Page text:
- Indian Spectacle: College Mascots and the Anxiety of Modern America by Jennifer Guiliano
At a glance, Jennifer Guiliano’s subtitle seems ambitious for such a concise book. Her impressive contextualization of the rise of Indian imagery in college athletic mascots and halftime shows, though, fulfills it well. Relying on archival sources from five universities formerly or currently using American Indian mascots, Guiliano argues that the creation of American Indian mascots and halftime spectacles was bound to the larger project of higher education. From the late nineteenth century to the early Cold War, the mascots’ establishment reinforced the modern university’s mission to develop white male middle-class athletic bodies in the service of community and country. The mascots sanitized narratives of colonial expansion in the face of anxieties about industrialization, urbanization, immigration, and wartime fitness for service.
The work is organized chronologically in six chapters, each having a thematic emphasis. The first chapter chronicles the rapid rise in profitability of college football, showing how university identity became tied to the sport and its spectacle. The remaining chapters pan the scope of complicity in the Indian mascot’s invention and spread. The University of Illinois was historical ground zero, but the university’s influences were in the Great Plains. Progressive Era reformers like those with the Boy Scouts of America, often with connections to Dakota and Lakota people, trained early (white) Indian mascots in dance and costuming. The headdressed Plains Indian became the preferred image for mascots as far away as Stanford. Administrators, students, athletes, newspaper sportswriters, and band directors, among many others, embraced and disseminated ideas about community identities created through Indian mascotry. With variation between universities, the narratives were consistent: Indians could be present in the modern university when called forth by university mythology, or cued to perform by the band’s “sounds of ethnicity” (51), but must nobly cede university space to whites and remain in the past.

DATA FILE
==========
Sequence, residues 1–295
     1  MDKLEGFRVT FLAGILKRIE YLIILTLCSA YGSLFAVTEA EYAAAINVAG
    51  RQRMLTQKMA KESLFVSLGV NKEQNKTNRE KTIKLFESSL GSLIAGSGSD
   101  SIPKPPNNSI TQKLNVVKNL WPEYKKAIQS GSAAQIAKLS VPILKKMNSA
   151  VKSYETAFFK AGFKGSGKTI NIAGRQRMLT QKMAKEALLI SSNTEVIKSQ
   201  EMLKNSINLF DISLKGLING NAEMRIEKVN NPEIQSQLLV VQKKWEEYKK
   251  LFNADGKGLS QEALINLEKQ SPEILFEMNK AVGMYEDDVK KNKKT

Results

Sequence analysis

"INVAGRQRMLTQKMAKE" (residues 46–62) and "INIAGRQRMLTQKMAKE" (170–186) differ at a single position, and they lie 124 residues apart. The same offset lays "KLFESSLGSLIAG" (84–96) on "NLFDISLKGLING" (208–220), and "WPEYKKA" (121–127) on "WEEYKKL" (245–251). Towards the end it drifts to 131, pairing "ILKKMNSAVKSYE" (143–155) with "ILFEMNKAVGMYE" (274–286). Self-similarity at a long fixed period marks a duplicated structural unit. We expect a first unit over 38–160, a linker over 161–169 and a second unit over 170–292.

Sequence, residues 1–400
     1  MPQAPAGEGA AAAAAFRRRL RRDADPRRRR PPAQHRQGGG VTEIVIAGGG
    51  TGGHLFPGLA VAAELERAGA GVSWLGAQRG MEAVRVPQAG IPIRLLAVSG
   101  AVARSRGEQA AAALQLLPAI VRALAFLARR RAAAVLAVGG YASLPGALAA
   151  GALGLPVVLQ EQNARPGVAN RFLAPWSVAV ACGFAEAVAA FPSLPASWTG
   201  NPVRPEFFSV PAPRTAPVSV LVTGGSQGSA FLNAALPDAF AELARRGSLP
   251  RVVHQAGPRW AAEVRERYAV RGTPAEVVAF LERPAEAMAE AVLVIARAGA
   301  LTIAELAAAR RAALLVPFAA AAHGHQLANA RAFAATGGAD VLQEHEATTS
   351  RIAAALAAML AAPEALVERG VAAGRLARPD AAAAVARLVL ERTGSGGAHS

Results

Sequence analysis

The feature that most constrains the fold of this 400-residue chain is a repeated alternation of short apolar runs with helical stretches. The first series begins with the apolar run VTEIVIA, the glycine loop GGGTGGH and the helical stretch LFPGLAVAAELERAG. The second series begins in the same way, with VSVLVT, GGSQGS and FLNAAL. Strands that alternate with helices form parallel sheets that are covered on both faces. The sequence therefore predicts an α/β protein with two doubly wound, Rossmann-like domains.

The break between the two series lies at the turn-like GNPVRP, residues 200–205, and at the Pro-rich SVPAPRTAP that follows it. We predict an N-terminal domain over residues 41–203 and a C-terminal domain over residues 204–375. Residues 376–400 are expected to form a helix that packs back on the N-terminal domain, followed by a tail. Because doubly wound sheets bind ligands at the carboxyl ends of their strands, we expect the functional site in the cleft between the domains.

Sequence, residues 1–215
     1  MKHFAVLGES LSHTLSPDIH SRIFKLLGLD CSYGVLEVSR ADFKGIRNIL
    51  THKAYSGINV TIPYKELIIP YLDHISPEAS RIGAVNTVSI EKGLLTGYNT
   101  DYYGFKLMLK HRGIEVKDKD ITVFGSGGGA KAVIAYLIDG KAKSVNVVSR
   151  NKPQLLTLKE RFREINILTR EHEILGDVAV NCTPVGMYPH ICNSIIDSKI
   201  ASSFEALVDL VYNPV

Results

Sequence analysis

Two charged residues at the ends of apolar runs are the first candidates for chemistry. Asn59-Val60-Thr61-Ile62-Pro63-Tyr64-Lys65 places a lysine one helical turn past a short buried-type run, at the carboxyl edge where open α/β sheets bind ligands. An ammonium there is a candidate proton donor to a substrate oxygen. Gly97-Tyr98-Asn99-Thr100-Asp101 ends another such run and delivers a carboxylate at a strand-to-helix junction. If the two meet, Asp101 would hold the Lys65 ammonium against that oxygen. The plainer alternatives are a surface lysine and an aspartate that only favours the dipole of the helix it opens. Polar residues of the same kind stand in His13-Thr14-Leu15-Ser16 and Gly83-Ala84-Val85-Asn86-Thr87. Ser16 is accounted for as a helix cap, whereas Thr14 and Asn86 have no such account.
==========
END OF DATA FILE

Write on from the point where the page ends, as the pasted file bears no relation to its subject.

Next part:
Guiliano’s samples are well chosen for institutional diversity. However, she mischaracterizes the University of North Dakota as a “frontier agricultural school” (8) when, in fact, part of that university’s mission in creating an Indian identity was to distance itself from North Dakota Agricultural College (now North Dakota State University), in addition [End Page 333] to assuaging fears about its proximity to the frontier and finding a suitable opponent to the agricultural college’s bison. This is a very minor oversight, but placing und’s founding in its liberal arts tradition might actually have helped her already cogent argument for und’s effort to appear more civilized to eastern audiences.
Begun as Guiliano’s dissertation, Indian Spectacle is tightly argued and well researched, theoretically rigorous and clearly written. It makes no effort to engage contemporary debates about Indian mascots or their effects on contemporary American Indians, yet illustrates why, amid never-ending battles over their use, we should understand the historical circumstances that bore them.